The future of meat
July 31, 2012 4 Comments
Really interesting piece from Farhad Manjoo last week about the latest meat substitute, Beyond Meat. Apparently, we’re really approaching the point where fake meat can almost fool people, and that is a great thing with potentially huge environmental consequences. Meat takes so much more resources in terms of water, land, fossil fuel, etc., than plants that replacing that meat in diets with plant-based meat substitutes with a similar (but healthier) nutrition profile would be a huge, huge boon:
Real meat is delicious, but it’s terrible in nearly every other way. Meat is environmentally toxic and colossally inefficient, ethically dubious (even if you’re OK with killing animals, raising and slaughtering animals in factory farms is hard to defend), and it’s unhealthy (that’s even true if you don’t eat it—there’s good evidence that the rampant use of antibiotics in livestock production has given rise to drug-resistant infections). I’d rate Beyond Meat as being 90 to 95 percent as realistic as chicken, but in every other way, it’s superior. It requires far less energy to produce, it’s got no saturated fats, no antibiotics, and no animals are harmed in the process.
Here’s how Beyond Meat’s founder sees the future:
“Our goal is to see that category redefined—instead of having it be called ‘meat,’ it would just be called ‘protein,’ whether it’s protein coming from a cow or chicken or from soy, pea, quinoa, or other plant-based sources,” says Ethan Brown, Beyond Meat’s founder. As the firm ramps up production, Brown expects to sell Beyond Meat for less than the price of real meat, too…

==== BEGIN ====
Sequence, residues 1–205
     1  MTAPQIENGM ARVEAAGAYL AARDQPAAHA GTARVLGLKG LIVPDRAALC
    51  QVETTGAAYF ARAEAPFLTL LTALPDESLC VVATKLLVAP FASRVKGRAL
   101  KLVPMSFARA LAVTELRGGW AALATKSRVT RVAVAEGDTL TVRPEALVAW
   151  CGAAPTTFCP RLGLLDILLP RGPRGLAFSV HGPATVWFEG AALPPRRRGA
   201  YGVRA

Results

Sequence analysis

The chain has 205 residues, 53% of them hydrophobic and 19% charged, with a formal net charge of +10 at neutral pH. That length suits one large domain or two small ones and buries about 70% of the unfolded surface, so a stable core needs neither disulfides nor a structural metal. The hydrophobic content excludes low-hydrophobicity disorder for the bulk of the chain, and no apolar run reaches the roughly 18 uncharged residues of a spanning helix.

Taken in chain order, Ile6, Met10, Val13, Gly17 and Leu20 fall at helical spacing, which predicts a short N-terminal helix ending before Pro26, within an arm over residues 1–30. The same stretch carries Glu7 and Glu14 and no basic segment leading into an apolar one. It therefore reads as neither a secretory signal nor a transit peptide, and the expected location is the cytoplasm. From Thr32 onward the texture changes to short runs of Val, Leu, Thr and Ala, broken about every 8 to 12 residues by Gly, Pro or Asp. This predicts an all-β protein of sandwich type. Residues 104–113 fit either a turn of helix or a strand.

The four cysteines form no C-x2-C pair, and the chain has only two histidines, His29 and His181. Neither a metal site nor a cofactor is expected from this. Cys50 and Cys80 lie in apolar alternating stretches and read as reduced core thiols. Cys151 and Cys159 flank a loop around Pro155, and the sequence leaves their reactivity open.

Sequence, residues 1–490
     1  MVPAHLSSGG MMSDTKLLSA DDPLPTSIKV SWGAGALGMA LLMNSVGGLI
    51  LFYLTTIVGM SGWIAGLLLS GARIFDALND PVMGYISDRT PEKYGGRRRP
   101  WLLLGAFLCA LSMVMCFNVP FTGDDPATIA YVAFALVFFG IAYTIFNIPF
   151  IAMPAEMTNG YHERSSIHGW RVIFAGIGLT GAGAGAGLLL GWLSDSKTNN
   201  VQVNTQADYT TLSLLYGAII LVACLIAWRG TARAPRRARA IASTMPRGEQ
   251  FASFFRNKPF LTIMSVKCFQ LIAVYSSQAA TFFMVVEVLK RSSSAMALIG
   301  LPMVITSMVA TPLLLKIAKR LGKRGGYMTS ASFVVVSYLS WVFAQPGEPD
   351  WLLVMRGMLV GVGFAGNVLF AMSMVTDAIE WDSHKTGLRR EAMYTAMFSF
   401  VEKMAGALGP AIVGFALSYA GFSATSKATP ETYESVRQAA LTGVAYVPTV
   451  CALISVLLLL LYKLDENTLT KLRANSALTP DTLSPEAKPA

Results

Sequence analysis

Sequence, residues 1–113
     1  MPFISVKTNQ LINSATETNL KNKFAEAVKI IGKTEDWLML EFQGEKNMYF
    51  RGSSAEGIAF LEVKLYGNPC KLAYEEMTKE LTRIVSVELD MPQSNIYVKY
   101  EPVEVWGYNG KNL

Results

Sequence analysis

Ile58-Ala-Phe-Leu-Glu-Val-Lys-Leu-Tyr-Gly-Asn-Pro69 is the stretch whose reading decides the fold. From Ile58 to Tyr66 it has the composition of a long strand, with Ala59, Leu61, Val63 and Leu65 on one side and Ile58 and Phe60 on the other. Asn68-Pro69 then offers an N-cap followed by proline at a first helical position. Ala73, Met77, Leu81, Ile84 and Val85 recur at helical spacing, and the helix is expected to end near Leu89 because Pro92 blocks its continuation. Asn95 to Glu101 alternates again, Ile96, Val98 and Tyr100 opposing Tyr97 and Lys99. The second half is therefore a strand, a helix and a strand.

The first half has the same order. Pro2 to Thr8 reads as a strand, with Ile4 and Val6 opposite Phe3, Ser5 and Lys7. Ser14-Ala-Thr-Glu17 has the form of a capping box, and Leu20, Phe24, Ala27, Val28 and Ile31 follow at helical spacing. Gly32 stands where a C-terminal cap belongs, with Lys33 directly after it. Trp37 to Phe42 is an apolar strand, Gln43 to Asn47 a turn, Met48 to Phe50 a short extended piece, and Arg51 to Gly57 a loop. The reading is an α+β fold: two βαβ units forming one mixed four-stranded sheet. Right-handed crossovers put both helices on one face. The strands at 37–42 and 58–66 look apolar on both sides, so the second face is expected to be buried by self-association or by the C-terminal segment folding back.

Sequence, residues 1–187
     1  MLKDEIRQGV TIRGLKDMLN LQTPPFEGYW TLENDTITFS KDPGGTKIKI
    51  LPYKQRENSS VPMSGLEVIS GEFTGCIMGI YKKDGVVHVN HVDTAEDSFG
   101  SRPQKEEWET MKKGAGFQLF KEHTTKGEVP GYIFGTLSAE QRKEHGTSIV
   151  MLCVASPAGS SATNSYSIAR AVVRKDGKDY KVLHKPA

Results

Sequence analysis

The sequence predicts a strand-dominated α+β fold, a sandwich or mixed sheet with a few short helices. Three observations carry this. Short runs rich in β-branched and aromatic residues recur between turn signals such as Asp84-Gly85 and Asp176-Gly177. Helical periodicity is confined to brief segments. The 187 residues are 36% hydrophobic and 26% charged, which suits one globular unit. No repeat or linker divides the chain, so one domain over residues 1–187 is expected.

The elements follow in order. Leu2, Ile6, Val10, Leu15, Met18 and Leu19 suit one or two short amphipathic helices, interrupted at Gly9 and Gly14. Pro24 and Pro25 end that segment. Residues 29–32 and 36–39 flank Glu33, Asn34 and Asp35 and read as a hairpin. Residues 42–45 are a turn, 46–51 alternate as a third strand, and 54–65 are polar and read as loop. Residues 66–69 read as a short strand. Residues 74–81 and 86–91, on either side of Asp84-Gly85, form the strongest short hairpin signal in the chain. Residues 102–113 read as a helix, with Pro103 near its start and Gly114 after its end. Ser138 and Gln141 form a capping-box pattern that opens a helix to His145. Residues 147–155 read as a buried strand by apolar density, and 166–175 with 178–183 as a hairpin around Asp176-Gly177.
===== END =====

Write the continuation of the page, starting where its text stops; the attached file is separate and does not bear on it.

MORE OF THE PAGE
Over time, Brown believes, the firm will get all these little details just right. He’s also confident that society will accept his innovations just as it has adapted to tech revolutions of the past. “Once, we had the horse-drawn carriage, and then we had the horse-less carriage, and then we had the automobile,” he says. “I’m firmly convinced we’re going to go from beef and chicken products that are animal in origin to those that are made with plants—and at some point in the future you’ll walk down the aisle of the supermarket and ask for beef and chicken, and like the automobile has no relationship to the horse, what you get will have nothing to do with animals.”
That may sound crazy right now, but I do think he’s onto something. There’s every reason to believe that as technology improves we should be able to create a plant-based product that is healthier, and cheaper, than meat that can fool most of our palates. That would be a very, very good thing for our health and our planet.